Update: see previous post – April 11, 2016 Fight for affordable internet to take centre stage at CRTC hearing today
Canadians may want fast internet access everywhere in the country but that doesn’t mean it will be guaranteed by Canada’s telecom regulator.
Canadian Radio-television and Telecommunications Commission chairman Jean-Pierre Blais says any speed or service level his agency finds ideal won’t automatically mean regulatory action to ensure it’s accessible to everyone.
Blais opened exhaustive hearings Monday into whether high-speed Internet access should be a basic service and what that could mean. But he said it will be up to participants to demonstrate why the CRTC should act and why market forces are not enough to ensure the public’s need for Internet services is being met.
“As it is crucial not to confuse “wants” with “needs”, the CRTC is asking parties to take a fact-based and objective approach to these discussions,” Blais said in an opening statement to the hearings.
- Home internet is essential, but too pricey, CRTC survey suggests
- Digital divide: Is high-speed internet access a luxury or a right?
Since 2011, basic telecommunications services in Canada have been defined by the CRTC as touch-tone phone service, low-speed Internet, access to long distance, directory assistance, enhanced calling and privacy protection features, emergency services and voice mail.
The regulator also mandates that Canadians be provided with a printed version of their local phone book on request.
By the beginning of last year, 96 per cent of Canadians had access to the internet at download speeds of at least 5 megabits per second, according to the CRTC.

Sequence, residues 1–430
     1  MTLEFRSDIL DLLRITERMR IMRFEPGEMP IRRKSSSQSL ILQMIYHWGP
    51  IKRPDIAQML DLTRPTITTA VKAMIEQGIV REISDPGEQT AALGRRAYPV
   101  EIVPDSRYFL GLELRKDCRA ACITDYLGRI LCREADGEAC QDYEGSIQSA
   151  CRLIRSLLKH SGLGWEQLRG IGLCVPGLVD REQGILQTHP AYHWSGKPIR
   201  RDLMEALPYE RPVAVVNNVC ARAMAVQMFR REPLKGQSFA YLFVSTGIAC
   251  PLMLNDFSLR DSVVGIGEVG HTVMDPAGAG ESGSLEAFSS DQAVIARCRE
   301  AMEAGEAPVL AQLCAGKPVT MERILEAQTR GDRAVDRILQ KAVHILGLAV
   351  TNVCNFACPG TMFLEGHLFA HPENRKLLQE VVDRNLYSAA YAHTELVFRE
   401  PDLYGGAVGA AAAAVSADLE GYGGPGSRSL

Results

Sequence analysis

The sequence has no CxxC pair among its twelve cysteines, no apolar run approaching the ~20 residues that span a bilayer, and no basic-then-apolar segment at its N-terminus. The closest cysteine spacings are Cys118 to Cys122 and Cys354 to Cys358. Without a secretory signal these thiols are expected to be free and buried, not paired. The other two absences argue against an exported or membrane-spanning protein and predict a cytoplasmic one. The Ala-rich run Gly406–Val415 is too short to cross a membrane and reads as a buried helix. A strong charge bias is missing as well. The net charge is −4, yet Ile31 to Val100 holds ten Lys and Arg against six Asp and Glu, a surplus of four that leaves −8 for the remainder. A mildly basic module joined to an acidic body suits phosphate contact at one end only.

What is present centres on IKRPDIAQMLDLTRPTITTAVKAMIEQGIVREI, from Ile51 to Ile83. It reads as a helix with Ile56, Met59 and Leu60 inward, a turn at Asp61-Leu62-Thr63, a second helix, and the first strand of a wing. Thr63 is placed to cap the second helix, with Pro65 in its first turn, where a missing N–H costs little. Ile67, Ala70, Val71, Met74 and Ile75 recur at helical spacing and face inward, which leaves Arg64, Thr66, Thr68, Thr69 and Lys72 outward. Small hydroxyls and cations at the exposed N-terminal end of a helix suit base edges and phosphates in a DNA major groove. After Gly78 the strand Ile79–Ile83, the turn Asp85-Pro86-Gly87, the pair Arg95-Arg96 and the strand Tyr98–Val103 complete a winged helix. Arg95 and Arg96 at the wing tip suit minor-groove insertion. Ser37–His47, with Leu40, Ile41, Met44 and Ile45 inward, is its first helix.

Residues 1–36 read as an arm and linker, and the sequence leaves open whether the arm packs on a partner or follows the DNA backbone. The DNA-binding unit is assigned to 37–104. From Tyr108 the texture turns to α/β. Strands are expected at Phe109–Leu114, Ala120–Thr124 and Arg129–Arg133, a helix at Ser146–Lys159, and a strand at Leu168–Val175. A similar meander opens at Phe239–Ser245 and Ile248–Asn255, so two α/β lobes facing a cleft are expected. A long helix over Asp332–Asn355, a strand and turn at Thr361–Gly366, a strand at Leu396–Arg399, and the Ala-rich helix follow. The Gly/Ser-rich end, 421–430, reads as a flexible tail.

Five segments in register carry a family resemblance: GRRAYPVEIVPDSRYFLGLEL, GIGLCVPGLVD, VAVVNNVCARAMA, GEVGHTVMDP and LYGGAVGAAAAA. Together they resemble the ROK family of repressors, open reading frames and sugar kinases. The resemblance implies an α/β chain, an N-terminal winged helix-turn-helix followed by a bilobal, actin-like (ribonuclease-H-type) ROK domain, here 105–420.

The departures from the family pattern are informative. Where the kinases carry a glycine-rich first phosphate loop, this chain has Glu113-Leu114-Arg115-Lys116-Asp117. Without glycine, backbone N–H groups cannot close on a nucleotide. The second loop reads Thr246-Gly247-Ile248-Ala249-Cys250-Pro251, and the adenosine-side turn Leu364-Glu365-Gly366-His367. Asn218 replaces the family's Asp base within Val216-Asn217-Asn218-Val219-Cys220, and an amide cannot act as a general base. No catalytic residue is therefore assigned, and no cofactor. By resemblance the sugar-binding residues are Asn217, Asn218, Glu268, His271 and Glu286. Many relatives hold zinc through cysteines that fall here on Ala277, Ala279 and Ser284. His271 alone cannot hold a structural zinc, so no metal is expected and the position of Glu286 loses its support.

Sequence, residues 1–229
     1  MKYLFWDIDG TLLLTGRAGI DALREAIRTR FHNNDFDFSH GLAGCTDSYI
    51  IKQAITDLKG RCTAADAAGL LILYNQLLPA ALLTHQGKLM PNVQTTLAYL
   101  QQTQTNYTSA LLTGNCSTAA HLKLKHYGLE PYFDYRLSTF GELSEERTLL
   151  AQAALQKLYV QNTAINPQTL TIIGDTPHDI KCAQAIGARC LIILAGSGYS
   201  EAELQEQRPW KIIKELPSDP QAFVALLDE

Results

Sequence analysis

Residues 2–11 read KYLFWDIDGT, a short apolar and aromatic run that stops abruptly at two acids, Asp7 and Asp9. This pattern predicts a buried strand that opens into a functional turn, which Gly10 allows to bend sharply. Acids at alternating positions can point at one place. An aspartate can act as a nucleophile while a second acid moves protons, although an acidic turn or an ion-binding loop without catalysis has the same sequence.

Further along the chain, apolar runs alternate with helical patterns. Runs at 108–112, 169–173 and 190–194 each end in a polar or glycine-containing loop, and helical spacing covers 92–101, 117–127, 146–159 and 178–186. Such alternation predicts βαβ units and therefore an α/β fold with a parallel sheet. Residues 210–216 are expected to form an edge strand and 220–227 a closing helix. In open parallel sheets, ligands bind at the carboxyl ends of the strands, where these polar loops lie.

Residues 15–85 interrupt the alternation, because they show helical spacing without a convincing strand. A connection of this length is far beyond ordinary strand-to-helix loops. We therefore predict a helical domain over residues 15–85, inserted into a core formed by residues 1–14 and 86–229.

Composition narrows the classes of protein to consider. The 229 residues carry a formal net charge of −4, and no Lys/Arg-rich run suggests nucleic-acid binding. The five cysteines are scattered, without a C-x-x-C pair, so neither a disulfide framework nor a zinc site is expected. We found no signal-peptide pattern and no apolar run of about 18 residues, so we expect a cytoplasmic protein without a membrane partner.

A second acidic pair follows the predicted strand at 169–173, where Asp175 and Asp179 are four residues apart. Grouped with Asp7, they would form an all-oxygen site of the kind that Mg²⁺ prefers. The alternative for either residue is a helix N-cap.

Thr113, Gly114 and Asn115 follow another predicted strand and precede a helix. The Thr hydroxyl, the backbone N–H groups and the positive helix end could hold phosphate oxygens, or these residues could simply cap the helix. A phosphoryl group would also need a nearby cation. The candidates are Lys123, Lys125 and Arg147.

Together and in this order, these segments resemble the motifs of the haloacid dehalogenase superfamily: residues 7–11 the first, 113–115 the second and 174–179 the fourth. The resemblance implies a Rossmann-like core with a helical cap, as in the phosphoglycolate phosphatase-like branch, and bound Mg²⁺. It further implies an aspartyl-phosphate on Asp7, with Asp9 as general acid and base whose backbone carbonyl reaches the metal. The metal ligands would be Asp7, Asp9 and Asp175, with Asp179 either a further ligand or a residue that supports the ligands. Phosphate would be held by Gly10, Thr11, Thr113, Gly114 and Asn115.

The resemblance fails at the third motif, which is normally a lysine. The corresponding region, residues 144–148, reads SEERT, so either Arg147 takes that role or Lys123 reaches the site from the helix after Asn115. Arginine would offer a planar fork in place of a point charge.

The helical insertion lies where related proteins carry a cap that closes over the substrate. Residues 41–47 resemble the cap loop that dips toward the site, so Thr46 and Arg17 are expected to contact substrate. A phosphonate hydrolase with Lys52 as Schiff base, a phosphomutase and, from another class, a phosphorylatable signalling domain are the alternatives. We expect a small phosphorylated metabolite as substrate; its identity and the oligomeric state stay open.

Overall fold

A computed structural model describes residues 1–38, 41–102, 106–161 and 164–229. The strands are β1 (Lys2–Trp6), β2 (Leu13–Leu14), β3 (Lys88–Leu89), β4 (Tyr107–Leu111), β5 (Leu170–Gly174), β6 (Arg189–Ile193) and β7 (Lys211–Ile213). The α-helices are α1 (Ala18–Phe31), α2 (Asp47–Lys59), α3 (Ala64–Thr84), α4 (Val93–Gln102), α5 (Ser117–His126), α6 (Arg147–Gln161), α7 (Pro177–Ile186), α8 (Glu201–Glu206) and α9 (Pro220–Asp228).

About four per cent of the population — still hundreds of thousands of homes and businesses — had no access at those speeds.
Affordability an issue
Many cannot afford it, say advocacy groups.
A study released in February by ACORN Canada indicated many low-income Canadians are forced to choose between internet services and putting food on the table or paying the rent.
“The internet plays an important role in the everyday lives of low-income earners,” said the study.
“The high costs of obtaining high-speed home Internet connections can lead to unnecessary hardship,” said the organization, which represents low- and moderate-income families and claims 70,000 members in nine cities.
The group wants the CRTC to mandate $10-per-month high-speed home Internet for families and individuals living below Statistics Canada’s low income threshold, which in 2013 was set at $20,933 for an individual and $41,866 for a family of four, after taxes.
Some of the country’s Internet service providers already offer service for $9.99 per month, on a limited basis, to low-income households.
Rogers Communications, Compugen and Microsoft Canada began offering the cut-rate high-speed internet service in 2013 to some Toronto Community Housing units and Rogers since expanded availability to other parts of its service area.
Before the hearings began, the CRTC received more than 26,000 comments from individuals and businesses concerned about access to telecom services. More than 30,000 Canadians also answered a questionnaire on the subject.
The federal government’s recent budget included money to improve the availability of broadband Internet in isolated communities.